Candidates meet in first debate after primary

DOVER — Differences between the Republican and Democratic nominees for statewide office were on stark display Tuesday in the first debate following this month’s primary election.

Featuring the major-party candidates for governor, lieutenant governor, insurance commissioner, U.S. Senate and U.S. House of Representatives, the forum took place one week after voters picked their nominees for a number of offices. The event, sponsored by the Jewish Federation of Delaware and Hadassah, is a long-standing mark of the shift from primary season to the general election, though unlike prior iterations, it was held virtually.

More than 600 people registered for the Zoom forum, according to a moderator, with audience members submitting questions before and during the discussion.

Fresh off days of controversy over an offensive Facebook post and past support for an unfounded conspiracy theory, Republican Senate nominee Lauren Witzke doubled down.

Ms. Witzke on Friday posted a meme on Facebook that contained an image of several African children dancing and the words “Black babies when Ruth Vader Ginsburg dies,” in reference to the death of Supreme Court Justice Ruth Bader Ginsburg that same night. A flood of criticism quickly followed: The Delaware Democratic Party urged the GOP to renounce Ms. Witzke, a Republican state senator called on her to drop out of the race and the Republican Party chairwoman said the post is “reprehensible” and Ms. Witzke “has some work to do to address the harm this matter has caused.”

Tuesday, the nominee defended the post, firing shots at Justice Bader Ginsburg and her Democratic opponent, Sen. Chris Coons, while repeating a prior stance that Black Lives Matter is a “terrorist organization.”

Asked why she believes Republicans should confirm a Supreme Court justice less than two months before the election despite the GOP successfully stonewalling a nomination from then-President Barack Obama ahead of the 2016 contest, Ms. Witzke insisted senators have an obligation to the U.S. Constitution. Sen. Coons is failing in his duties by resisting a vote, she said.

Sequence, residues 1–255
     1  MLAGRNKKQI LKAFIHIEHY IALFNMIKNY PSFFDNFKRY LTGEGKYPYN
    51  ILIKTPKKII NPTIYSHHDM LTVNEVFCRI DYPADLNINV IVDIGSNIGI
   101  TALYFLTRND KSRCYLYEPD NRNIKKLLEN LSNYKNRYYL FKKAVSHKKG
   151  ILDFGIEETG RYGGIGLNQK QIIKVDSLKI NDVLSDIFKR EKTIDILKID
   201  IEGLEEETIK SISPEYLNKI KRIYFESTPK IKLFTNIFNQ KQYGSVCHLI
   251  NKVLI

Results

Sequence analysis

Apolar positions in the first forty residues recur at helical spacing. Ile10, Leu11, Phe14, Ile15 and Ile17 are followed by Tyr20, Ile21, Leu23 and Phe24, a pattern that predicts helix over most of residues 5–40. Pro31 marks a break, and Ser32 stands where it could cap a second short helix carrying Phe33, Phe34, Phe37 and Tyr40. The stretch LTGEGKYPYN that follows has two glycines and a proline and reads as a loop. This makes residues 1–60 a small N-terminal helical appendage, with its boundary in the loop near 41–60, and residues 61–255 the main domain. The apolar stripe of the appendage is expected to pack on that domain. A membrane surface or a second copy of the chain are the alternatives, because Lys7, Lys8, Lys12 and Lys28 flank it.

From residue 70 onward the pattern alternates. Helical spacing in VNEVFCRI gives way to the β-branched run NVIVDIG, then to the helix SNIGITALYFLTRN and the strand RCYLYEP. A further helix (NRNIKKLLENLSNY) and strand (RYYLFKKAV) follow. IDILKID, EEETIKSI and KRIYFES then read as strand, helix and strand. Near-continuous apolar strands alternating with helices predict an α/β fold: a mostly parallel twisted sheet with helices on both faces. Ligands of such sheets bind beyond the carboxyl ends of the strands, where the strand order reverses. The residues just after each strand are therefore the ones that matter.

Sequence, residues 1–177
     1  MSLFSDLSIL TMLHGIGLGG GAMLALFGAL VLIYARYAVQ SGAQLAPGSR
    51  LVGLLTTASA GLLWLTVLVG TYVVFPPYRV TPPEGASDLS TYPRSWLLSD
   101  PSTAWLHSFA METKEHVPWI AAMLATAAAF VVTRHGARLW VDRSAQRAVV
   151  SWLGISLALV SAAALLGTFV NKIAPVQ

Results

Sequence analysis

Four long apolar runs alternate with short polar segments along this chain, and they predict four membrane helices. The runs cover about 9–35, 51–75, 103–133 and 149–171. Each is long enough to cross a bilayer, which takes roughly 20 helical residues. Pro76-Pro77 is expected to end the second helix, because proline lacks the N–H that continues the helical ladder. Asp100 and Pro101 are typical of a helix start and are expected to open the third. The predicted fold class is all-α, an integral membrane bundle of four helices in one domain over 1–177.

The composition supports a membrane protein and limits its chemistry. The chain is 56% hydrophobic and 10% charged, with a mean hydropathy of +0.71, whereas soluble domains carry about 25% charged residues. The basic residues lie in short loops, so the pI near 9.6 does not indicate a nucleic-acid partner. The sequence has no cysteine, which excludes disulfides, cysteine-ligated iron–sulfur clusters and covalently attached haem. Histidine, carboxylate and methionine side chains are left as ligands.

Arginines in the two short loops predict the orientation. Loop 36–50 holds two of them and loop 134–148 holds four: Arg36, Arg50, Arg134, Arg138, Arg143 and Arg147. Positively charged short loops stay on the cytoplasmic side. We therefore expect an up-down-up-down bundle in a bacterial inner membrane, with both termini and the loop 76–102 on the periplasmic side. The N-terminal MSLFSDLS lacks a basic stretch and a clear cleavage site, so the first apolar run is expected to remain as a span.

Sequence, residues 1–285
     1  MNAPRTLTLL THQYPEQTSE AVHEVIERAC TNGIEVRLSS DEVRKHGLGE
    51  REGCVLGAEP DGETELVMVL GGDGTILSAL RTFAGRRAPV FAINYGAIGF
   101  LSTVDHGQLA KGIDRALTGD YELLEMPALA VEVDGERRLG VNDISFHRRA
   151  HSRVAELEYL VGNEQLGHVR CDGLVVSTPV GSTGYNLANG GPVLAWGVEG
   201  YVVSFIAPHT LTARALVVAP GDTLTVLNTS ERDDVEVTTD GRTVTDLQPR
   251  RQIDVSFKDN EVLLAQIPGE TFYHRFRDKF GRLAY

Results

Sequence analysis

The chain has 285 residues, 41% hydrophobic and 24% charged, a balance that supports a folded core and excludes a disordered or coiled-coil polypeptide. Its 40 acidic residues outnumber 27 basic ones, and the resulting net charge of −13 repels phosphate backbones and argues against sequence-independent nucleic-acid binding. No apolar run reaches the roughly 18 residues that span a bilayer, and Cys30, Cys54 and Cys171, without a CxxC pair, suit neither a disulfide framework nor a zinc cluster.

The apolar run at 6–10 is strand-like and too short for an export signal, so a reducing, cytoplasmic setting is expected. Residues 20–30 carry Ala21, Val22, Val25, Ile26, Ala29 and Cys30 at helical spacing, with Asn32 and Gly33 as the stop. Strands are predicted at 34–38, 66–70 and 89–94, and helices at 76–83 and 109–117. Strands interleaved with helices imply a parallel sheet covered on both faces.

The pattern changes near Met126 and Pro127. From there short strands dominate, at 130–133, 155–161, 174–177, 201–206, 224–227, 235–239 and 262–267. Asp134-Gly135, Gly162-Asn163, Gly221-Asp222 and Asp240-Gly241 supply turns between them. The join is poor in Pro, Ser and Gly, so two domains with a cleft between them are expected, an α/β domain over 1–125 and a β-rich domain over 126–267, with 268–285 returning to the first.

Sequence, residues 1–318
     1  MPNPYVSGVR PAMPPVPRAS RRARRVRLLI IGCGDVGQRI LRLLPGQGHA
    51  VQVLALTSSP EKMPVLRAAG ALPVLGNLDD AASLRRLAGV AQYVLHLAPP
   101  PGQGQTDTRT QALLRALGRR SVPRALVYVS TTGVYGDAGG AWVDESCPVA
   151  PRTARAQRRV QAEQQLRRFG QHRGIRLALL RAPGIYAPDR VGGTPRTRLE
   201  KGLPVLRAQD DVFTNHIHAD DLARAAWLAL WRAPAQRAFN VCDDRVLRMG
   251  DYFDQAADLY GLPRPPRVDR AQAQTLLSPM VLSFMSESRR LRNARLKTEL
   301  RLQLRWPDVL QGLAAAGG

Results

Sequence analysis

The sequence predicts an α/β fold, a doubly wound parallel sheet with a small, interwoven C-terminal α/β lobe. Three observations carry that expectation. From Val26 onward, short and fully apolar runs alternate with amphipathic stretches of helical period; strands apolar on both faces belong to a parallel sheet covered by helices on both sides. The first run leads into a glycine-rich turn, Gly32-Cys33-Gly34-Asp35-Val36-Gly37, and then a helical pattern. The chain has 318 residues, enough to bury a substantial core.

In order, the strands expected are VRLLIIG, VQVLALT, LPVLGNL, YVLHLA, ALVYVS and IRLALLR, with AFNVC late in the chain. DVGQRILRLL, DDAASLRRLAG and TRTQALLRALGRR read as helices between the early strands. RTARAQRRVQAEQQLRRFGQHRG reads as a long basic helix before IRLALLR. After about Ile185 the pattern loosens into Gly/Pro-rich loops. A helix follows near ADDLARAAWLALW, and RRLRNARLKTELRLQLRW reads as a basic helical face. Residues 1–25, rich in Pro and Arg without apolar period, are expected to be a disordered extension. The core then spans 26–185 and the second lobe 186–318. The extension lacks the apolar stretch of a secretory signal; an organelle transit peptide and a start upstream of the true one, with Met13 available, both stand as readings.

For his part, Sen. Coons said he is still hoping to convince some Republicans to join GOP Sens. Susan Collins and Lisa Murkowski in opposing a nomination before the election.

Posed a question about whether he would become secretary of state should Joe Biden win the White House, Sen. Coons said he plans to serve a full term in the Senate if reelected but would “seriously consider” such a role if asked.

In response to Ms. Witzke’s description of Black Lives Matter as a group of violent evildoers, Rep. Lisa Blunt Rochester, the first Black Delawarean elected to Congress, said the movement is helping finally bring to light “the deep structural and institutional racism in this country.”

Several of the Republican candidates called for an end to COVID restrictions, blasting Gov. John Carney for his policies over the past six months. Ms. Witzke, gubernatorial nominee Julianne Murray and House nominee Lee Murphy each said they disagree with a hypothetical national mask mandate, describing it as unnecessary to control the flow of COVID and as a violation of individual liberties.

“This is an infringement on peoples’ personal rights,” Mr. Murphy said. “I think we have to give people credit in our society to make their decisions.”

Ms. Murray argued Delaware should open now, accusing Gov. Carney of putting big business and his own interests above most Delawareans’ wellbeing.

The five Democratic nominees — Gov. Carney, Sen. Coons, Rep. Blunt Rochester, Lt. Gov. Bethany Hall-Long and Insurance Commissioner Trinidad Navarro — each urged Delawareans to wear masks, as did GOP lieutenant governor candidate Donyale Hall and insurance commissioner nominee Julia Pillsbury.

“I believe that we should listen to the experts, not ignore or belittle them,” Gov. Carney said, noting more than 200,000 Americans have died from COVID. “We should follow the science. That’s just common sense.”